The 27 signatories include a mix of liberals and centrists as well as Republicans Sens. Mike LeeMichael (Mike) Shumway LeeHillicon Valley: GOP senator wants one agency to run tech probes | Huawei expects to lose B in sales from US ban | Self-driving car bill faces tough road ahead | Elon Musk tweets that he 'deleted' his Twitter account Hillicon Valley: GOP senator wants one agency to run tech probes | Huawei expects to lose B in sales from US ban | Self-driving car bill faces tough road ahead | Elon Musk tweets that he 'deleted' his Twitter account On The Money: Democrats move funding bills as budget caps deal remains elusive | Companies line up to weigh in on 0B China tariffs | Trudeau to talk trade with Pelosi, McConnell MORE (Utah) and Rand PaulRandal (Rand) Howard PaulOvernight Defense: Pompeo blames Iran for oil tanker attacks | House panel approves 3B defense bill | Trump shares designs for red, white and blue Air Force One Senate rejects effort to block Trump's Qatar, Bahrain arms sales Senate rejects effort to block Trump's Qatar, Bahrain arms sales MORE (Ky.). Independent Sen. Bernie SandersBernie SandersTrump hits polling on Fox News: 'Something weird going on at Fox' Trump hits polling on Fox News: 'Something weird going on at Fox' 2020 Democrats look to cut into Biden's lead with black voters MORE (Vt.), who caucuses with Democrats, also signed on. The centrists who support it include Sens. Max BaucusMax Sieben BaucusOvernight Defense: McCain honored in Capitol ceremony | Mattis extends border deployment | Trump to embark on four-country trip after midterms Congress gives McCain the highest honor Judge boots Green Party from Montana ballot in boost to Tester MORE (Mont.), Kent Conrad (N.D.), Mary LandrieuMary Loretta LandrieuCongress needs to work to combat the poverty, abuse and neglect issues that children face Dems wrestle over how to vote on ‘Green New Deal’ Lobbying world MORE (La.) and Ron WydenRonald (Ron) Lee WydenOn The Money: Pelosi says no debt ceiling hike until deal on spending caps | McConnell pressures White House to strike budget deal | Warren bill would wipe out billions in student debt | Senate passes IRS reform bill On The Money: Pelosi says no debt ceiling hike until deal on spending caps | McConnell pressures White House to strike budget deal | Warren bill would wipe out billions in student debt | Senate passes IRS reform bill Senate passes bipartisan IRS modernization bill MORE (Ore.).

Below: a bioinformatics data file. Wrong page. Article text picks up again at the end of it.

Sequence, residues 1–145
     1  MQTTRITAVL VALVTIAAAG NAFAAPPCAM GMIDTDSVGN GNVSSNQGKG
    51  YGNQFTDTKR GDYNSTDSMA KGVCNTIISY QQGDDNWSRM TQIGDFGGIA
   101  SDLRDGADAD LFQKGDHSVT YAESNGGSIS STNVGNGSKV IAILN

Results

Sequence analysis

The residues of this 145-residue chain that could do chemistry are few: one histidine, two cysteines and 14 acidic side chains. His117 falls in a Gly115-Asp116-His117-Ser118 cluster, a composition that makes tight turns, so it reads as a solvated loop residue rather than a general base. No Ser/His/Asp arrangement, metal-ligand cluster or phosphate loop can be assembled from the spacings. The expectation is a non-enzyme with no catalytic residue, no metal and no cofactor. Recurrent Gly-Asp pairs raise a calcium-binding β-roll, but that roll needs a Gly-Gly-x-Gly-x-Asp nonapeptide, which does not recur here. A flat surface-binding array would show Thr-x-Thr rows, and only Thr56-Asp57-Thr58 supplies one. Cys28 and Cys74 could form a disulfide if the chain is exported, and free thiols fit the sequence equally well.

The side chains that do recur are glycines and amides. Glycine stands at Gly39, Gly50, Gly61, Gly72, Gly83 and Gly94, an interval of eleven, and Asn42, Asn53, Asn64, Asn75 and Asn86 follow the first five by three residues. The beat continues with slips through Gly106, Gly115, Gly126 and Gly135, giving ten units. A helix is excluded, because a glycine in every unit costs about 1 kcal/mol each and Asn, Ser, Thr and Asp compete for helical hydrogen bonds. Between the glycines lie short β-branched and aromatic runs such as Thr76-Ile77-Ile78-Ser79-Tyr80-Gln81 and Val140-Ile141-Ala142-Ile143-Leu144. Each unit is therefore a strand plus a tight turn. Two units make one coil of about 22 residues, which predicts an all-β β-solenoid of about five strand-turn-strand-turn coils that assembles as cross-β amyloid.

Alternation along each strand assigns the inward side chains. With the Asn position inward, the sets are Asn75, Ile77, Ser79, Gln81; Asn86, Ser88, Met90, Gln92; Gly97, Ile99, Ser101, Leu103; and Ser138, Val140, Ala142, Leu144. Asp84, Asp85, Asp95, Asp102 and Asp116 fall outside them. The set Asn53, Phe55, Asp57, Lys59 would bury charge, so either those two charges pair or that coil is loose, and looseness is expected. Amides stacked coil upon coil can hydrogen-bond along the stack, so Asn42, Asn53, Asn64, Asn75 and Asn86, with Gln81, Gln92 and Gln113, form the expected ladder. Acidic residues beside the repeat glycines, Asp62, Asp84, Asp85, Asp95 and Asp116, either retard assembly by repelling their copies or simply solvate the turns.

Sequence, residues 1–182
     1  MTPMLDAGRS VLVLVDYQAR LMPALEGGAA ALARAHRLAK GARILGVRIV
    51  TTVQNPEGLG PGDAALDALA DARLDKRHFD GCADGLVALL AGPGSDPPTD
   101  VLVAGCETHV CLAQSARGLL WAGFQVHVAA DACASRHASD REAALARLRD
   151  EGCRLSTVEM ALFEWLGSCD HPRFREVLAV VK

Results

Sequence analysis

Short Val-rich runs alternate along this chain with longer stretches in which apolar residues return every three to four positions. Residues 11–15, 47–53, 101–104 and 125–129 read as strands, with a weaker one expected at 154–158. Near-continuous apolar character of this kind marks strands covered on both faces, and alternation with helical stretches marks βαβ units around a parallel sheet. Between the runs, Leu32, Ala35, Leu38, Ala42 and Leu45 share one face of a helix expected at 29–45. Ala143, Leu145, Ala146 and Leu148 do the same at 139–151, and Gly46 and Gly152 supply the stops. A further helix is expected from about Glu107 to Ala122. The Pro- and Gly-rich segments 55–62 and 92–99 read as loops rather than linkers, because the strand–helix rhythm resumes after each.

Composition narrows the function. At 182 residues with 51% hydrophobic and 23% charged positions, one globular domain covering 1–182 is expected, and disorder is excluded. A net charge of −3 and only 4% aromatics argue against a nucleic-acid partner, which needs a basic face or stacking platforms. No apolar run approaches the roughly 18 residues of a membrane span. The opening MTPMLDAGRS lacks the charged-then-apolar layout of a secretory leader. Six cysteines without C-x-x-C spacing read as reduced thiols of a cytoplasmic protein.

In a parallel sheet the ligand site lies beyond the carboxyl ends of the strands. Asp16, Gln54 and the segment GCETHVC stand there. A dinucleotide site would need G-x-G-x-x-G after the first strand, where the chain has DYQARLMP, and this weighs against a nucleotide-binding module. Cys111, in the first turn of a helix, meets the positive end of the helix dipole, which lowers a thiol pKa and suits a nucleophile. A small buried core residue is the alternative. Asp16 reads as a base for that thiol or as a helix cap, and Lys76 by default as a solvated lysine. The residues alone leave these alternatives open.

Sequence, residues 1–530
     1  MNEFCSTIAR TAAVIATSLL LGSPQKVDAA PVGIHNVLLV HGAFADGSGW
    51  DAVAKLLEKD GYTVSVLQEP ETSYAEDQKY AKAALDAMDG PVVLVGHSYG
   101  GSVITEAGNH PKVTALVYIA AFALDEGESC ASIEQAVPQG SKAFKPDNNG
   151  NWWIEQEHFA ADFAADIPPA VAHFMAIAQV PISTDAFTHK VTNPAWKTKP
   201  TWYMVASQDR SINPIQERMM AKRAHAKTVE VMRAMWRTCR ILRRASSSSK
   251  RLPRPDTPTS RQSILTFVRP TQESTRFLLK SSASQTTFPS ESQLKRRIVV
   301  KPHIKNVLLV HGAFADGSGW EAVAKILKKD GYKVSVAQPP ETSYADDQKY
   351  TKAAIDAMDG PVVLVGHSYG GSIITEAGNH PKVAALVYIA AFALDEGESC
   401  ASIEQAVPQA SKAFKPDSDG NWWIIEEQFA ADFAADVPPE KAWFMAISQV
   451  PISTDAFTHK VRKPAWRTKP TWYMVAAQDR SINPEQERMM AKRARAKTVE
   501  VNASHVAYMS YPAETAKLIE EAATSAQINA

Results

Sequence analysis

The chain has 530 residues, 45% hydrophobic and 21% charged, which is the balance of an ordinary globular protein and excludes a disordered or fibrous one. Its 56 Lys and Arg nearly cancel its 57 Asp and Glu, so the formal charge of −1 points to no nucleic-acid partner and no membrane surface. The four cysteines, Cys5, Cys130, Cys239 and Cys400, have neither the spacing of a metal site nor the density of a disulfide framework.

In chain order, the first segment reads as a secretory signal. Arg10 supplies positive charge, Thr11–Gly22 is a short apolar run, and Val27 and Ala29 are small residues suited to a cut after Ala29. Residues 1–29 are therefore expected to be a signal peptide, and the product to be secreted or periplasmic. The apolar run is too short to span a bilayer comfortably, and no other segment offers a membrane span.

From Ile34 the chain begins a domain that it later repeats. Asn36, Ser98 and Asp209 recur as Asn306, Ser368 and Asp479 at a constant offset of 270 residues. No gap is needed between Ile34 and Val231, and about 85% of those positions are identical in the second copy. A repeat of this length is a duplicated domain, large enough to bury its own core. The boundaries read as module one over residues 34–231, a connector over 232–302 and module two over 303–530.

At a time of massive budget debts and angry partisan fights over spending cuts, Democrats senators are getting tired of spending $2 billion a week on a conflict that has shown mixed results.

That’s to say nothing of what they feel regarding the more painful cost of 1,500-plus American fatalities and nearly 12,000 service members wounded.